Tuesday, March 03, 2009

Some things I learned today

[Sandis Rainis, national poet and playwright of Latvia]

I knew from Lonely Planet that during the Soviet era lots of Russians came to Latvia for the jobs. And forgot to leave when Latvia became independent in 1989. They are 45% of the population and more than half of the million-or-so population of Riga.

What wasn't in Lonely Planet was that about ten thousand of the "Russians" are Jews. The pre-war Jews of Latvia were murdered to a man, woman, and child. But today, the Jews of modern Latvia are renovating their synagogue. It is like, all of Latvia, being restored. It has a beautiful jazzy Pharoah-onic Egypt theme, appropriate for its reopening for Pesach.

There is even a kosher restaurant here.

It is true as I expected that the German and Russian armies and artilleries and bombers destroyed the country during two world wars. What I did not expect is that the country was not rebuilt in an ugly and tedious Soviet style, but was more or less restored to resemble prewar Latvia. This seems an unusual forbearance on the part of Stalin, usually not noted for respecting anybody or anything.

So the Old Town of Riga looks like its Swedish early 18th century self and much of the rest of the city is in 19th century Russian provincial, a not-unpleasing style.

(Writing this in youth bar in Old Town with a wi-fi connection. Learned several things here. One is that it apparently works, at least for one Italian, to claim to be a doctor. Another is that my talent for attracting head cases remains unabated. Fortunately she has left, at least for now.)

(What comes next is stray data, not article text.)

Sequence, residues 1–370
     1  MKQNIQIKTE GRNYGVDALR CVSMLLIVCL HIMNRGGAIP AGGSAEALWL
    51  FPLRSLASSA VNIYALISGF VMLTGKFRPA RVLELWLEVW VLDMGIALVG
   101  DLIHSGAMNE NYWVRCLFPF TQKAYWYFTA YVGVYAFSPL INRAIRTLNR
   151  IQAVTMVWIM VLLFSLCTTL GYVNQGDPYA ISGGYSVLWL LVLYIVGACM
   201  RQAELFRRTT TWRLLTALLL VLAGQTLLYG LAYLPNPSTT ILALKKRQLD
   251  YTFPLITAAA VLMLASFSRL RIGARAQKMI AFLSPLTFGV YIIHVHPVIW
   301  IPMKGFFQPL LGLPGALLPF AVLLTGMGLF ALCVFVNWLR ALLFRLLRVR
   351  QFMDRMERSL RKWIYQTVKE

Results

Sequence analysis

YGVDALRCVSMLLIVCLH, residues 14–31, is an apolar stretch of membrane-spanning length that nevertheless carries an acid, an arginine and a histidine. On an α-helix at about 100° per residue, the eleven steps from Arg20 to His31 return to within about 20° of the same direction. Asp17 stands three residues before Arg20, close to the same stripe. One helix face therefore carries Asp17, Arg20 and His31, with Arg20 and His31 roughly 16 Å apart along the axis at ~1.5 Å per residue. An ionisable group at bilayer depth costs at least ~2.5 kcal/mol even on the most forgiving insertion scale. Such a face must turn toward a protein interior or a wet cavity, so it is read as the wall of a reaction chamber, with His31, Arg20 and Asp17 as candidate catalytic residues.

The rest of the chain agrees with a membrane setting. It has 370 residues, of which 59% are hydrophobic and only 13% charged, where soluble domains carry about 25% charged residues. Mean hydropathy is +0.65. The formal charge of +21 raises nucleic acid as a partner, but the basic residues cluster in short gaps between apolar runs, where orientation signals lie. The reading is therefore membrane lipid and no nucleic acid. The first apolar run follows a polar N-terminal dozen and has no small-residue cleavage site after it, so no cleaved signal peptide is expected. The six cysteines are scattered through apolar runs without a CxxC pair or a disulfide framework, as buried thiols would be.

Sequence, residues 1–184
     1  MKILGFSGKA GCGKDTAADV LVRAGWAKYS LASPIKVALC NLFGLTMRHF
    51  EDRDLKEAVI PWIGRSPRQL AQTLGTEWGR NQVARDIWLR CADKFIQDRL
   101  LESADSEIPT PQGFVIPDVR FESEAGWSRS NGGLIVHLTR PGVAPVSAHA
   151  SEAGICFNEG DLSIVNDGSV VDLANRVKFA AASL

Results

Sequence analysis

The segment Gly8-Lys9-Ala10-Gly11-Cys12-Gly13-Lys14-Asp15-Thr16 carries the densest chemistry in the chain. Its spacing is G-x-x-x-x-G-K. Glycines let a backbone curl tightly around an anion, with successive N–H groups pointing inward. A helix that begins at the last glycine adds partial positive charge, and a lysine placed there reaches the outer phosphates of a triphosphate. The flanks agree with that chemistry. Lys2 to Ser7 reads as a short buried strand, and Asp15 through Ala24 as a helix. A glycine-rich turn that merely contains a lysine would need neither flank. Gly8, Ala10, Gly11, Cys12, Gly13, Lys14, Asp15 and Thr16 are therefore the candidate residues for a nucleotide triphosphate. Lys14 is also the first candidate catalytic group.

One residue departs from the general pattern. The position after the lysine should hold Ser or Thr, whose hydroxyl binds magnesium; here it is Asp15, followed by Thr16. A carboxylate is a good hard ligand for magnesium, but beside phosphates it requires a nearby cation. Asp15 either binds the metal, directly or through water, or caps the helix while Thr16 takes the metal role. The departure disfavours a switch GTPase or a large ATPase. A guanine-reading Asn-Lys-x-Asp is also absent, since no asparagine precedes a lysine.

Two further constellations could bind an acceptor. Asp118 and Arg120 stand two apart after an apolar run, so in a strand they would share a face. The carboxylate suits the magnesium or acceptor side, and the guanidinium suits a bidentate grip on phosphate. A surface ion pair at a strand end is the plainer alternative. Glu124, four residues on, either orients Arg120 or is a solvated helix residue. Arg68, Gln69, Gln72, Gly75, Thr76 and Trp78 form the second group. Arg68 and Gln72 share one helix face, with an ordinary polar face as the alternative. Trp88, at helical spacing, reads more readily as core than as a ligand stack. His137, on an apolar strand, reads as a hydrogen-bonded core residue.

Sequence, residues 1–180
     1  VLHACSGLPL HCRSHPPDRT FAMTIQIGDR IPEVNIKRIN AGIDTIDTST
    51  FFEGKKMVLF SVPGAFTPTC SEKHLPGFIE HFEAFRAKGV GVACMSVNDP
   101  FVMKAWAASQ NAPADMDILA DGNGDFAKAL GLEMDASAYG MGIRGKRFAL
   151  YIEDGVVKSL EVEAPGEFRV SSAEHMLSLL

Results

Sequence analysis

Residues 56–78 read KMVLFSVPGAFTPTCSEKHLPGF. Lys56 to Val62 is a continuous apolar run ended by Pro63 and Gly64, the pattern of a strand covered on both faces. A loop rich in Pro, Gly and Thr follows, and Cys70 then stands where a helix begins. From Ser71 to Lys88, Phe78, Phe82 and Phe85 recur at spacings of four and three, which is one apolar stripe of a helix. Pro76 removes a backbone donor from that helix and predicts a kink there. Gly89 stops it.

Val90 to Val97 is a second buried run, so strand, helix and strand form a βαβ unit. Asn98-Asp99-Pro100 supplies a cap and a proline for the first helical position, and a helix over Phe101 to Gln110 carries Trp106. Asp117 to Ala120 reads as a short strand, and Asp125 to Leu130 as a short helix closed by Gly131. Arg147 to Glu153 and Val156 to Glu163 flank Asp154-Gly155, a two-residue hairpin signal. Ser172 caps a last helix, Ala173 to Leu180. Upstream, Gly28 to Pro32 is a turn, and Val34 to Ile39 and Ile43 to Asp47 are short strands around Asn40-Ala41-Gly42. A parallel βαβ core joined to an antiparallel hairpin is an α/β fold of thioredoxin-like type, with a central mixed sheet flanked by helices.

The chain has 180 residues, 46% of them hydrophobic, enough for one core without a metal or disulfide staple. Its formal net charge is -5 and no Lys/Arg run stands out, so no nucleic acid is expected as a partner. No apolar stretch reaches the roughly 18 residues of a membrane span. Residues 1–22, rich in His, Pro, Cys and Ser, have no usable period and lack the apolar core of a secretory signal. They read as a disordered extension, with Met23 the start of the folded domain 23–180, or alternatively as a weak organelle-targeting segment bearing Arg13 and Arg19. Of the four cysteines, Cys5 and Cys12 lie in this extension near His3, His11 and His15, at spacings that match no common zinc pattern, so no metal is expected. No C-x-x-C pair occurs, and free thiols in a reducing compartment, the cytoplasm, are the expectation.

If I get out of here soon enough I am off to Jelgava tomorrow.

If not, another day in Riga. Now that I have found out that Zemgale, where my grandfather lived, is in Latvia not Lithuania as I previously thought, I have allocated too much time here.


  1. Jack, it's good to see you getting back to what you do best. I love your travel writing, you go places I would never think or want to go. As long as you're in Latvia, are you going up to Estonia? Can you resist the northern most baltic point? They say Aegviidu is lovely this time of year. or even Vinistu.

    Good travels.


  2. Anonymous12:13 PM

    Jack,you are very lucky to have an exact location of where your father and grandfather lived. I only have a region or district of where my grandparents were born.

  3. Harvey, thanks for the compliments.

    Anonymous, I have pretty much the same problem. Jelgava is a sprawling city of 65,000, the fourth largest in Latvia. There is no obvious old section of town distinct from the rest. I have no idea where to look.

    Tomorrow I am going to drive around aimlessly looking for Victorian era houses.

    Daddy told me that my grandfather was from Zemgale. But that is the province of which Jelgava is the capital and principal town. I think he meant that his father was from the country, not from a town. So I have no idea where to look there either.

  4. There were no Victorians. And only a few old houses. Even these were badly run down. Apparently the Soviet government thought it was better both economically and politically to build new apartment blocks than to maintain old houses.

    Housing under the new order is also new construction but of middle class houses on the edge of town.